Ivie D. Esangbedo, MD, MPH
PCICS created a Diversity & Inclusion committee in June 2020 in response to national events in the United States, as a way to raise awareness about diversity, equity and inclusion (DEI) issues in our field. In addition, the December 2020 international conference had a great panel of invited speakers on this topic. This was followed up with a two-part podcast series on DEI which I encourage everyone to listen to. The podcasts were a great segue to this edition of the newsletter, which I expect would allow us to reach even more people on this topic via a different forum.
Our vision for this edition of the newsletter was to discuss multiple aspects of DEI, as they relate to patient care and healthcare providers in our field:
- Discrimination & disparities and their effects on patients and on staff
- Patient outcome studies in pediatric CICU
- Patient access to cardiac care
- Academia & leadership
As we worked on this newsletter, I contemplated how much continued interest there would be in this topic in our community. But I also simultaneously thought about some unique experiences and perspectives that have not yet been touched on – experiences to be shared by the diverse guests we have invited to write editorials. Some of my own experiences also helped guide the subtopics. I thought about the time I was asked during a cardiac ICU faculty interview if I thought I “could fit in with our group or would you mope around like a poor African?” The division chief was thinking out loud. I remembered another time a few years ago when a nurse practitioner was discussing a patient with me and said: “The mother is a typical angry black woman….” (quickly followed by) “Oh my God…. I’m.… so sorry!” Another time, a boss joked in a meeting by mockingly declaring “whites only!” (repeatedly) when discussing their NIH-funded research study that needed healthy volunteers. These are three separate personal examples, but each highlighted a different systemic problem.
I have sometimes worried about the impact of “structures” on the assessment of and plan for ICU patients – in areas such as referrals to child protective services and decisions about offering organ transplantation – impact which may be non-measurable because there will never be two apples to compare. I am glad that others have embarked on research in this area, and while this research is not new, there is certainly a renewed interest. In working on this newsletter, I also somberly paused for self-reflection on unintentional ignorance. My conclusion: We can all do better.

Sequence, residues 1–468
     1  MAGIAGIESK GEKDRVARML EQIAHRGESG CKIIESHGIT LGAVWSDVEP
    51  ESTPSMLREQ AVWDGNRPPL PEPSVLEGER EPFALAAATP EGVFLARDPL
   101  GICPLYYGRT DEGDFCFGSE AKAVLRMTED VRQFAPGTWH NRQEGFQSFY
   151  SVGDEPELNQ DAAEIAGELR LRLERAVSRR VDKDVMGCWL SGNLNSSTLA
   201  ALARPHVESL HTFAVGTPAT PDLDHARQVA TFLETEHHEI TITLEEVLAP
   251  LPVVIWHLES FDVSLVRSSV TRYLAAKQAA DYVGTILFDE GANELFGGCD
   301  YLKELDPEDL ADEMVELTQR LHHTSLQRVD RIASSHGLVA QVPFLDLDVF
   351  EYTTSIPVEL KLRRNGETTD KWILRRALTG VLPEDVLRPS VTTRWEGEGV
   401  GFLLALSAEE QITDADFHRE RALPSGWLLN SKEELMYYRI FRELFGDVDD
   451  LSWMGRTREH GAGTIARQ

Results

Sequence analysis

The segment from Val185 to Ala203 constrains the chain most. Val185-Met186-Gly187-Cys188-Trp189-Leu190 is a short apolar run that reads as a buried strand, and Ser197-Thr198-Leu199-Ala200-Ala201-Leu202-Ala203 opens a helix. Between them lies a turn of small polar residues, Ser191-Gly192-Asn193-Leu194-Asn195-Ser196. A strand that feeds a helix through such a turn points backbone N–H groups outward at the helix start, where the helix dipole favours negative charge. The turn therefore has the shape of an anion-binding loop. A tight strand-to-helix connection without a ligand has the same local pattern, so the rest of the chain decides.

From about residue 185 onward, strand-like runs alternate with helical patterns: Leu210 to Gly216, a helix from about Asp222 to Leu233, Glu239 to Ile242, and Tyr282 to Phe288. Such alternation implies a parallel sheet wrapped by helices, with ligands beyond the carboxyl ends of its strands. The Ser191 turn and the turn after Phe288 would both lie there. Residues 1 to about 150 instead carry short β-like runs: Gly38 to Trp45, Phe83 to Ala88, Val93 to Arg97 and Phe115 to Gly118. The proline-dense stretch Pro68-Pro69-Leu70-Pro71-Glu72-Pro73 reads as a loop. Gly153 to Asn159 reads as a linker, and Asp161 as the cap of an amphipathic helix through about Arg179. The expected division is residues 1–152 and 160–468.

We are very happy to have successfully attracted a diverse group of knowledgeable voices, all excited to contribute to this edition of the newsletter. We have 6 guests who wrote editorials for this edition!! Rather than introduce each of them, I will have you read their very informative, reflective and instructive editorials. I want to very sincerely thank each of the 6 authors for their contributions – Mark Clay MD MSCI, Catherine Krawczeski MD, Yuen Lie Tjoeng MD MS, Keila Lopez MD MPH, Jason Giangrosso RN BSN CCRN and Natasha Afonso MD MPH.
Finally, I would like to officially welcome the new members of the PCICS newsletter subcommittee: Drs. Felina Mille (CHOP), Meghna Patel (Stanford) and Kriti Puri (TCH). David Werho is the immediate past editor-in-chief and remains on my speed dial for whenever I need help. We welcome feedback on all newsletters, and particularly this one. Our plan for the newsletter going forward includes strategies to increase readership and to increase production of ICU physiology editions. Let us know what you would like to hear about for future newsletters.